To take care of yourself physically is pretty simple: eat a well-balanced diet, drink plenty of water, exercise regularly, and practice healthy hygiene habits. However, taking care of yourself mentally is a little less cut and dry. This is where it really differs from person to person. To take care of yourself mentally and emotionally, you need to take time to do the things that make you feel good and happy. Hobbies are a good place to start when focusing on taking care of yourself mentally. Maybe you enjoy sitting outside and reading a good book, maybe you are an artist, maybe you enjoy taking long walks with your dog. Whatever it is that leaves you feeling happy and fulfilled, do it!

Research shows the more you practice self-care, the more confident, creative, and productive you are. This also leads to experiencing more joy, making better decisions, building stronger relationships, and communicating more effectively. Overall, you will be in a better frame of mind, making you a better version of yourself. This is not only good for you, but it’s also good for those who depend on you.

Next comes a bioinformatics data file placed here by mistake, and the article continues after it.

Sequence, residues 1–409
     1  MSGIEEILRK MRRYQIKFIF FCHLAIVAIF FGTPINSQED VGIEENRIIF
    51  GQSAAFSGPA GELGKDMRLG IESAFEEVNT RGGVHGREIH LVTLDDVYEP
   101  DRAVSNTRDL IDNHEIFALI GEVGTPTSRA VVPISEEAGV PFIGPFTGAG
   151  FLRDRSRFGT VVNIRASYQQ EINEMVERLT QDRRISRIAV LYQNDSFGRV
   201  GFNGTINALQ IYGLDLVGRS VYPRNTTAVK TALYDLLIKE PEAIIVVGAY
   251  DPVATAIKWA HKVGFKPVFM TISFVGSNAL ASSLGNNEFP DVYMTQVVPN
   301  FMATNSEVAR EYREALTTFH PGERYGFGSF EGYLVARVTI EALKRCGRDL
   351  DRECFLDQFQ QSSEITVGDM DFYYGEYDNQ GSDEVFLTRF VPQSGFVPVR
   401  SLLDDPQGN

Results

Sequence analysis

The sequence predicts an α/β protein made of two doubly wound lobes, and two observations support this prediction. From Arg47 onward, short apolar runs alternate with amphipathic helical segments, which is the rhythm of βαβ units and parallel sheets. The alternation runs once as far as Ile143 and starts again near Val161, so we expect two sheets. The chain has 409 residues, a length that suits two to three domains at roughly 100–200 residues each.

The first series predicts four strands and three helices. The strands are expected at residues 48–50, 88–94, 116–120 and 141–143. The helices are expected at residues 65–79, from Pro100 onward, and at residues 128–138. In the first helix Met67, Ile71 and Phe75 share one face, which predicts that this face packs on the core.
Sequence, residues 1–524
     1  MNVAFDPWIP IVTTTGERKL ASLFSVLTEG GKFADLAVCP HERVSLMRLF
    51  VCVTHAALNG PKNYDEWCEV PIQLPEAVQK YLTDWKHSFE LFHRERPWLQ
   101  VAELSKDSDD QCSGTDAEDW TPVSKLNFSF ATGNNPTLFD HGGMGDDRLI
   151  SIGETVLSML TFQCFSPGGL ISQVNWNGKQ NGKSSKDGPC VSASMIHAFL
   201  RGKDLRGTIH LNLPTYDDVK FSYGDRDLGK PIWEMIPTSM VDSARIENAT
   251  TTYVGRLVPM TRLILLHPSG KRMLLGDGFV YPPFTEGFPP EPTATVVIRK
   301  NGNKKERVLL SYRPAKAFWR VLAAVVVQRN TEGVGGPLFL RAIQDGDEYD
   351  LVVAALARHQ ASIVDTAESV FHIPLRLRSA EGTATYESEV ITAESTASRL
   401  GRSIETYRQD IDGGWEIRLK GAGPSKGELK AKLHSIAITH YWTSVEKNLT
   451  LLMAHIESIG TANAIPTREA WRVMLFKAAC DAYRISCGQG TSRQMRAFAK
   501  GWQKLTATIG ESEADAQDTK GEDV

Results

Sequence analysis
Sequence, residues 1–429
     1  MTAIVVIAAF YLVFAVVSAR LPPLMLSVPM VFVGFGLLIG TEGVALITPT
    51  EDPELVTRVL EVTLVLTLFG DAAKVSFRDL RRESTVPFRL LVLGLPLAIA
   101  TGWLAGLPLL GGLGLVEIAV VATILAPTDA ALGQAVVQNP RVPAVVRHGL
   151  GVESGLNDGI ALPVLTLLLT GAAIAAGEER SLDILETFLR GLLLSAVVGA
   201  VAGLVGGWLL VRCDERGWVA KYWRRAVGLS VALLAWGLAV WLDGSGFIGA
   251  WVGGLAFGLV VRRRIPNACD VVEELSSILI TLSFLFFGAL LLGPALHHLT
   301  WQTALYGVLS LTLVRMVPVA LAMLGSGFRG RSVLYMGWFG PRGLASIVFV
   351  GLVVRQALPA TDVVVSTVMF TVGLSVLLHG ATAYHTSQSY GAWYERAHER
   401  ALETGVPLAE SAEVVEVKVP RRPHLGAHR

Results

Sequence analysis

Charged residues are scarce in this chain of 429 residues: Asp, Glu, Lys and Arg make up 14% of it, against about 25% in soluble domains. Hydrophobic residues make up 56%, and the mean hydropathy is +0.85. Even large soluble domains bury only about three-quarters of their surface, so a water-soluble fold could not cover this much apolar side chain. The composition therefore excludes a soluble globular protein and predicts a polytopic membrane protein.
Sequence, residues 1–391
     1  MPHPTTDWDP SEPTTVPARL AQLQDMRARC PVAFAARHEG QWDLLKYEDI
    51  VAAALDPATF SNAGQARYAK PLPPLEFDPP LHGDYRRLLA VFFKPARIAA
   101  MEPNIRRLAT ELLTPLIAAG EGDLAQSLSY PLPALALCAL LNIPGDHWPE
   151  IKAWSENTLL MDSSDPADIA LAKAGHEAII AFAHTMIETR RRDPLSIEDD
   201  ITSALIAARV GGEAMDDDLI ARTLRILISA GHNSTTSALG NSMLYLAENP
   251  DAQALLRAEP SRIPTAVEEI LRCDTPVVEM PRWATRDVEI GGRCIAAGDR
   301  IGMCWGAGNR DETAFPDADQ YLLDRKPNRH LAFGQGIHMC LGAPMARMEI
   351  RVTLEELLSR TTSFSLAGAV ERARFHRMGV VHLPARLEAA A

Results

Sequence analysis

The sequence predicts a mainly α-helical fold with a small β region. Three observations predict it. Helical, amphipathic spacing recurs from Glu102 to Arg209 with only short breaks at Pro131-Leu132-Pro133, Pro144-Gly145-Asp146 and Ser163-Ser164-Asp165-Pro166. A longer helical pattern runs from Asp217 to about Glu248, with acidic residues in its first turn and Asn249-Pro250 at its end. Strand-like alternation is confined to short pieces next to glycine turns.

When you take time to take care of your whole self (physically, mentally, and emotionally), it will help you to process your feelings of grief in a healthier way.

How Hospice Can Help You in Your Grief Journey

Always remember that you do not have to face the journey of grief alone. Lean on friends and family to help you through. Don’t be afraid to talk about your feelings. Sometimes we feel the need to be strong for those around us. If this is the case and you would feel more comfortable talking to someone outside the family, lean on the support of your hospice bereavement team. Our kind, compassionate bereavement coordinators are always available to talk or just listen. Never hesitate to reach out.

If you or someone you love is struggling with their feelings of grief and would like to talk to one of our bereavement coordinators, please contact us at 920-922-0134.